Law and religion roundup – 11th February

Asylum seekers

At Prime Minister’s Questions in the Commons on Wednesday, Tim Loughton (East Worthing and Shoreham) (Con) said this:

“In the 10 years to COVID, the number of baptisms in the Church of England has fallen from 140,000 a year to 87,000, so Christianity in the UK seems to be on the wane, unless, apparently, you are from a Muslim country in the middle of an asylum claim. We are now told that one in seven occupants of the Bibby Stockholm has suddenly become a practising Christian. Given that the Church of England has now issued secret guidance to clergy supporting asylum applications for these Damascene conversions, to whom is the Church accountable? Are taxpayers being scammed by the Archbishop?” (901400)

In response, the Archbishop of Canterbury took the unusual step of issuing this statement on the following day:

“Over the last week, it has been disappointing to see the mischaracterisation of the role of churches and faith groups in the asylum system.

Churches up and down the country are involved in caring for vulnerable people from all backgrounds. For refugees and those seeking asylum, we simply follow the teaching of the Bible which is to care for the stranger.

It is the job of the Government to protect our borders and of the courts to judge asylum cases. The Church is called to love mercy and do justice. I encourage everyone to avoid irresponsible and inaccurate comments – and let us not forget that at the heart of this conversation are vulnerable people whose lives are precious in the sight of God.”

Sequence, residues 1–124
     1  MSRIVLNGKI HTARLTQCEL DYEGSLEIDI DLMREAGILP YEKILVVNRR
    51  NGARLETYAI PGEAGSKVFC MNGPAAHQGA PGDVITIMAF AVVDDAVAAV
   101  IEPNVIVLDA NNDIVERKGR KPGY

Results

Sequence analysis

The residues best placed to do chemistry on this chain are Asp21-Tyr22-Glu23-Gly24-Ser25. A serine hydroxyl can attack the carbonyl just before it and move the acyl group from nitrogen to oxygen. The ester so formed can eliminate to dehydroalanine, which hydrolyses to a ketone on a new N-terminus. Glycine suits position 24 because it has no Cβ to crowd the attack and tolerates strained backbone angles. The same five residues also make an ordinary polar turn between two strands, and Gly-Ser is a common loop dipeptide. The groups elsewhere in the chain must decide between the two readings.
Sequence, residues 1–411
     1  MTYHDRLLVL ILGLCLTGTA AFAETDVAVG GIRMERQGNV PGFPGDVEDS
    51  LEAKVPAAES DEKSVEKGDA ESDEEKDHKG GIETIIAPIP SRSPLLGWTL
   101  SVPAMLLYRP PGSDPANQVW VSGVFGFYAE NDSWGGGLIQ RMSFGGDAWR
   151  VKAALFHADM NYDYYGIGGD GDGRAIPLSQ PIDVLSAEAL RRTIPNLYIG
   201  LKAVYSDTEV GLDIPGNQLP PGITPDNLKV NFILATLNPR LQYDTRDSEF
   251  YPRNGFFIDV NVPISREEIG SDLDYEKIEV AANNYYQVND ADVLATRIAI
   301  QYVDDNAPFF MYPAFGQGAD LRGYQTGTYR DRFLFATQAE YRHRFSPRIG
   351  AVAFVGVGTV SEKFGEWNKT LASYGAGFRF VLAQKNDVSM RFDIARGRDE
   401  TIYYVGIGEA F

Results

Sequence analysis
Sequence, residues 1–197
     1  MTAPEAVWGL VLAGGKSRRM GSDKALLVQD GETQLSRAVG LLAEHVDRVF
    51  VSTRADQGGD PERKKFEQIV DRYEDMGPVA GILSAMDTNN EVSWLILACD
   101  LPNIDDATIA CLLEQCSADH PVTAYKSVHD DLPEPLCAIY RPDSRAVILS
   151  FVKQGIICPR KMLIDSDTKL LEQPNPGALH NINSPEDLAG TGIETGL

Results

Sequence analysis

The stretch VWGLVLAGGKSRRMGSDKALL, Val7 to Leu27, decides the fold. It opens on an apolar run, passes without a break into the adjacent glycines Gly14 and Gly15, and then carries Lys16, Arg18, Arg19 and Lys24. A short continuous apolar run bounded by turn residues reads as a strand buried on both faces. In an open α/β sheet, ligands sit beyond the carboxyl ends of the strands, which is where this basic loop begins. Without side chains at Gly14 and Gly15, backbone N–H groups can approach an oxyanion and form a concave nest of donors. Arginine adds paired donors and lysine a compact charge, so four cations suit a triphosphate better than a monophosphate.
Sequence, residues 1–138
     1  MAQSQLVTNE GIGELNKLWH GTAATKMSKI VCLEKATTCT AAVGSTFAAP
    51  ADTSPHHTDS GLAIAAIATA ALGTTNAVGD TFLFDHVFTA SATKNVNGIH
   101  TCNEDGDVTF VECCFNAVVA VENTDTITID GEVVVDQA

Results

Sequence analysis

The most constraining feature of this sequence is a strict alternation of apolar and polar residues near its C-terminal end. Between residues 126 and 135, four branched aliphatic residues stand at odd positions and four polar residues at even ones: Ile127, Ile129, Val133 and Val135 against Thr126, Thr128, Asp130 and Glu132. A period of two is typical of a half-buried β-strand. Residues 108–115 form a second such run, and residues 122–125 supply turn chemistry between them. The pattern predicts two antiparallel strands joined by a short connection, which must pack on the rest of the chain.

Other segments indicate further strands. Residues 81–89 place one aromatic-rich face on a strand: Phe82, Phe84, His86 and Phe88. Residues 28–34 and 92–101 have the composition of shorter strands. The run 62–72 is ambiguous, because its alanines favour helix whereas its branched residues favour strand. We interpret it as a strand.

General Synod Papers

On 9 February, the Church of England issued the Press Release Synod to address biodiversity, safeguarding, racial justice and Prayers of Love and Faith. It includes links to the papers for the forthcoming Group of Sessions for the meeting at Church House on 23-27 February 2024. This indicates that Synod will address biodiversity, safeguarding, racial justice and Prayers of Love and Faith; and Thinking Anglicans has helpfully produced a day-by-day summary.  Additionally, the “GS Misc” papers which are not to be debated include updates on the Clergy Conduct Measure (GS Misc 1368) and the Wedding Fee Waiver proposal (GS Misc 1371).

Ecclesiastical Law Journal

The latest issue of the Ecclesiastical Law Journal has just been published. As well as the usual book reviews and case-notes, it includes the following:

  • Mark Hill: ‘Aston Cantlow v Wallbank: a twenty-year retrospective’.
  • Sir Nicholas Mostyn: ‘Voidable marriages’.
  • Marco Galimberti and Tania Pagotto: ‘Man shall not live by bread alone? Freedom of worship, COVID-19 and the Courts’.
  • Martin Warner: ‘Comment: Episcopacy, law and government’.


DLA Piper has just published a series of notes on leading cases on religion/belief and employment law:

We have covered most of these on the blog, but not all.

Quick links

And finally…

It was reported that “[a]bout 59 miles of long-rooted ivy pulled from graves [yesterday] by volunteers at Highgate Cemetery; probably 72,000 more miles to go”. However, being privately owned, this would not fall within the “Land and Nature” initiative to be debated by Synod. 

One thought on “Law and religion roundup – 11th February

  1. Pingback: Church of England faces controversy over insincere conversions to gain asylum (Religion Clause) – Via Nova

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